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    ABSTRACT: Recently, Lattelais et al. (2009) have interpreted aggregated observations of molecular isomers to suggest that there exists a "minimum energy principle'', such that molecular formation will favor more stable molecular isomers for thermodynamic reasons. To test the predictive power of this principle, we have fully characterized the spectra of the three isomers of C$_{3}$H$_{2}$O toward the well known molecular region Sgr B2(N). Evidence for the detection of the isomers cyclopropenone (c-C$_{3}$H$_{2}$O) and propynal (HCCCHO) is presented, along with evidence for the non-detection of the lowest zero-point energy isomer, propadienone (CH$_2$CCO). We interpret these observations as evidence that chemical formation pathways, which may be under kinetic control, have a more pronounced effect on final isomer abundances than thermodynamic effects such as the minimum energy principle.
    The Astrophysical Journal 10/2014; 799(1). DOI:10.1088/0004-637X/799/1/34 · 6.28 Impact Factor
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    ABSTRACT: We present spectrally and spatially resolved maps of HNC and HC3N emission from Titan's atmosphere, obtained using the Atacama Large Millimeter/submillimeter Array on 2013 November 17. These maps show anisotropic spatial distributions for both molecules, with resolved emission peaks in Titan's northern and southern hemispheres. The HC3N maps indicate enhanced concentrations of this molecule over the poles, consistent with previous studies of Titan's photochemistry and atmospheric circulation. Differences between the spectrally integrated flux distributions of HNC and HC3N show that these species are not co-spatial. The observed spectral line shapes are consistent with HNC being concentrated predominantly in the mesosphere and above (at altitudes z 400 km), whereas HC3N is abundant at a broader range of altitudes (z 70-600 km). From spatial variations in the HC3N line profile, the locations of the HC3N emission peaks are shown to be variable as a function of altitude. The peaks in the integrated emission from HNC and the line core (upper atmosphere) component of HC3N (at z 300 km) are found to be asymmetric with respect to Titan's polar axis, indicating that the mesosphere may be more longitudinally variable than previously thought. The spatially integrated HNC and HC3N spectra are modeled using the NEMESIS planetary atmosphere code and the resulting best-fitting disk-averaged vertical mixing ratio profiles are found to be in reasonable agreement with previous measurements for these species. Vertical column densities of the best-fitting gradient models for HNC and HC3N are 1.9 × 1013 cm–2 and 2.3 × 1014 cm–2, respectively.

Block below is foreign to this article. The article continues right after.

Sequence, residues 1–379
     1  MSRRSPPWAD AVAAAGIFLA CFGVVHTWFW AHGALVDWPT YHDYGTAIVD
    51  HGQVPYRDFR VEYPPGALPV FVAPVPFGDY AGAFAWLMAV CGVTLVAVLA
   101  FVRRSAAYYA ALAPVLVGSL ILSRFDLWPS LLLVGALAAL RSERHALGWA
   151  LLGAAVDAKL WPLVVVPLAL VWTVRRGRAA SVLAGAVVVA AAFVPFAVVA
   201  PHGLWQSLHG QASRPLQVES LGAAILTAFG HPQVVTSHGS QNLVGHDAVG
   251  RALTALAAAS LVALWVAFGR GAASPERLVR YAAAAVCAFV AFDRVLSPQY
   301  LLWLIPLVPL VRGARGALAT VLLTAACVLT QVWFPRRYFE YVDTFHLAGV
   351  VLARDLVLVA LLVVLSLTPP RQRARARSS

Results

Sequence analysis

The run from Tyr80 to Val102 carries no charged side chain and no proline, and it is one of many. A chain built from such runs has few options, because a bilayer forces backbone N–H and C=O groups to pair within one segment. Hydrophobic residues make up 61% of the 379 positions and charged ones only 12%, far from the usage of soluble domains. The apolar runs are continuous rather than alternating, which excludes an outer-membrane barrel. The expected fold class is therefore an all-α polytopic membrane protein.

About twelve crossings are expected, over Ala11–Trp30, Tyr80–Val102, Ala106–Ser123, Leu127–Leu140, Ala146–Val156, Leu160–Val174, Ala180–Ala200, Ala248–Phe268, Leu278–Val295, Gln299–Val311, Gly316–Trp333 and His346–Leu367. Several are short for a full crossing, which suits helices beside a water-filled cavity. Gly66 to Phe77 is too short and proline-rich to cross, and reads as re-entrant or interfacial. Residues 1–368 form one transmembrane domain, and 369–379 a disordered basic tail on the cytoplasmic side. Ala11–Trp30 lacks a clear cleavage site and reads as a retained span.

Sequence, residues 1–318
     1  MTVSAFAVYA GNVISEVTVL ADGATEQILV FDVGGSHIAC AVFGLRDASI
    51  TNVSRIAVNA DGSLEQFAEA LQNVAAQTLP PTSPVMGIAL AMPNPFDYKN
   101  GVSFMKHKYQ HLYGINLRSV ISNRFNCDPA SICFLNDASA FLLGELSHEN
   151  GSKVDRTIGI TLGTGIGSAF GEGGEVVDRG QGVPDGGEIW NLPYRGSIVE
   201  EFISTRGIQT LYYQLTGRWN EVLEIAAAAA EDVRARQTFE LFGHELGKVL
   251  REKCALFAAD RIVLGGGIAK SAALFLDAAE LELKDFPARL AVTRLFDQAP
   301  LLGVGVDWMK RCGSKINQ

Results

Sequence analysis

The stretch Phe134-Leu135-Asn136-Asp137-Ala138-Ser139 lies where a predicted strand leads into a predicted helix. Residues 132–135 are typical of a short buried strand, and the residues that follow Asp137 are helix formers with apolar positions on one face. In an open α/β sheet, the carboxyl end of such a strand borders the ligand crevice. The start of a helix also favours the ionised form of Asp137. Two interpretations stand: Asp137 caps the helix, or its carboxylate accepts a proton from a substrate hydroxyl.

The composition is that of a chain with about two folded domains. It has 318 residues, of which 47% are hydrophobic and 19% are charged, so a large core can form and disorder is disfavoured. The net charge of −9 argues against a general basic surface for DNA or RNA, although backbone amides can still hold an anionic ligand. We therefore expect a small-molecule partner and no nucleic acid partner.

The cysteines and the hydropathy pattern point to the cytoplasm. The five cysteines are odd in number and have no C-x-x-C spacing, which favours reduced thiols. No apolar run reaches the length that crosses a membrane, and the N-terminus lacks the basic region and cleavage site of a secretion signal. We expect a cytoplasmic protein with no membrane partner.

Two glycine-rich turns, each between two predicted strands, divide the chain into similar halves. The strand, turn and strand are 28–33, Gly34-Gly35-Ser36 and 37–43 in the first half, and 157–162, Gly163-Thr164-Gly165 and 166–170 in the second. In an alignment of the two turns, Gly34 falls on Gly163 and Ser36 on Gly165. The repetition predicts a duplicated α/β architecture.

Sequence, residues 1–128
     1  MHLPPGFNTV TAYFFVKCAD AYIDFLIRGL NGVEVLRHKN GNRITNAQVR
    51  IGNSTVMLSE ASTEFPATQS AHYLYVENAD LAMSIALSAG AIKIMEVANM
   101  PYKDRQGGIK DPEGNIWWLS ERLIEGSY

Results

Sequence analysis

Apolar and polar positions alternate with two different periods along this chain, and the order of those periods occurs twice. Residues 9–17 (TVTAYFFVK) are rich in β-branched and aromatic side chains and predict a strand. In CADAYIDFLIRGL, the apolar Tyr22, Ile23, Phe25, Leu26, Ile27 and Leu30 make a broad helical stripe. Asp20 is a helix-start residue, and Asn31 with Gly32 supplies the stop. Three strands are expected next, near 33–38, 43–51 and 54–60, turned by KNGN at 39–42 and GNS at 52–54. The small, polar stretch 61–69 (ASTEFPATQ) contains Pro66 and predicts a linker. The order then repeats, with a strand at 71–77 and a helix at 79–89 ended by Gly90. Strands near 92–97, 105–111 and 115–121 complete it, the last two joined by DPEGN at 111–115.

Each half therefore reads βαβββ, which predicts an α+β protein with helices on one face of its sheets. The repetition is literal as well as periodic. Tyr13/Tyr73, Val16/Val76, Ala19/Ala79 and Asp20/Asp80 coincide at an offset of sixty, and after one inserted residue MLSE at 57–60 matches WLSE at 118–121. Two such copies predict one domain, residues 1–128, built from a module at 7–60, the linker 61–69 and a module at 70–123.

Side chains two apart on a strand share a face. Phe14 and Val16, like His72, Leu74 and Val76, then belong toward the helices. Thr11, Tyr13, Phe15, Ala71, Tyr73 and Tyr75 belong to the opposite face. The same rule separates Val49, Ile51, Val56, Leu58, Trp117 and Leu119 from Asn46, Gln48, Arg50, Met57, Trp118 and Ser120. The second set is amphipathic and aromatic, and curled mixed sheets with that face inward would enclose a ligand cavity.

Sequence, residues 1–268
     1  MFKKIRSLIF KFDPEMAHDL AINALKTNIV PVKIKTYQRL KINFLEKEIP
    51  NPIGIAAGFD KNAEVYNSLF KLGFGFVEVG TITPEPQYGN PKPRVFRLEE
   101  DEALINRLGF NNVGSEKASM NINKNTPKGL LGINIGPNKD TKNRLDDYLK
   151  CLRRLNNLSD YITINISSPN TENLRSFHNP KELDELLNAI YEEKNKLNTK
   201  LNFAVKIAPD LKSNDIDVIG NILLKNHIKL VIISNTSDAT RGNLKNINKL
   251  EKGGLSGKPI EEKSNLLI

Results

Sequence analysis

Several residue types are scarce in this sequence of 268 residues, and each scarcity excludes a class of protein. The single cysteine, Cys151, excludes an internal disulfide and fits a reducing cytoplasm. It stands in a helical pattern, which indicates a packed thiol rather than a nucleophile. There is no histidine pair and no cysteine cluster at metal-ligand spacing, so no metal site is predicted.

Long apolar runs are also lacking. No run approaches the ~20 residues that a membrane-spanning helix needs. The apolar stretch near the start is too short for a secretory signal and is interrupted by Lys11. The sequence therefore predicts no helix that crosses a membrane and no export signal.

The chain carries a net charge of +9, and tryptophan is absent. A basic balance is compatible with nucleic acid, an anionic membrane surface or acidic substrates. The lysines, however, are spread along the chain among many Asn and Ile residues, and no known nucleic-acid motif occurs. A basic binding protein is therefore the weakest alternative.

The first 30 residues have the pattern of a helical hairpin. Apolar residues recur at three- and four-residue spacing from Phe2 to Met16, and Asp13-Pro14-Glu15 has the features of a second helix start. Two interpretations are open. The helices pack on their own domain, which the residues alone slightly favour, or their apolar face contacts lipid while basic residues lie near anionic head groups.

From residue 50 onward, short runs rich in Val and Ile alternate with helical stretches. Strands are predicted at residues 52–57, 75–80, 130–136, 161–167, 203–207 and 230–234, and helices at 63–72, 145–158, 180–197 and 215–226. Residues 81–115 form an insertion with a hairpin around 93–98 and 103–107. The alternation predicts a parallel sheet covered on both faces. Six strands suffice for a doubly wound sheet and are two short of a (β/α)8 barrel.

The Astrophysical Journal Letters 10/2014; 795(2):L30. DOI:10.1088/2041-8205/795/2/L30 · 5.60 Impact Factor
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    ABSTRACT: We present the highest spatial resolution (~0.5") CO (3-2) observations to date of the "overlap" region in the merging Antennae galaxies (NGC 4038/39), taken with the ALMA. We report on the discovery of a long (3 kpc), thin (aspect ratio 30/1), filament of CO gas which breaks up into roughly ten individual knots. Each individual knot has a low internal velocity dispersion (~10 km/s), and the dispersion of the ensemble of knots in the filament is also low (~10 km/s). At the other extreme, we find that the individual clouds in the Super Giant Molecular Cloud 2 region discussed by Wilson and collaborators have a large range of internal velocity dispersions (10 to 80 km/s), and a large dispersion amongst the ensemble (~80 km/s). We use a combination of optical and near-IR data from HST, radio continuum observations taken with the VLA, and CO data from ALMA to develop an evolutionary classification system which provides a framework for studying the sequence of star cluster formation and evolution, from diffuse SGMCs, to proto, embedded, emerging, young, and intermediate/old clusters. The relative timescales have been assessed by determining the fractional population of sources at each evolutionary stage. Using the evolutionary framework, we estimate the maximum age range of clusters in a single SGMC is ~10 Myr, which suggests that the molecular gas is removed over this timescale resulting in the cessation of star formation and the destruction of the GMC within a radius of about 200 pc. (abridged)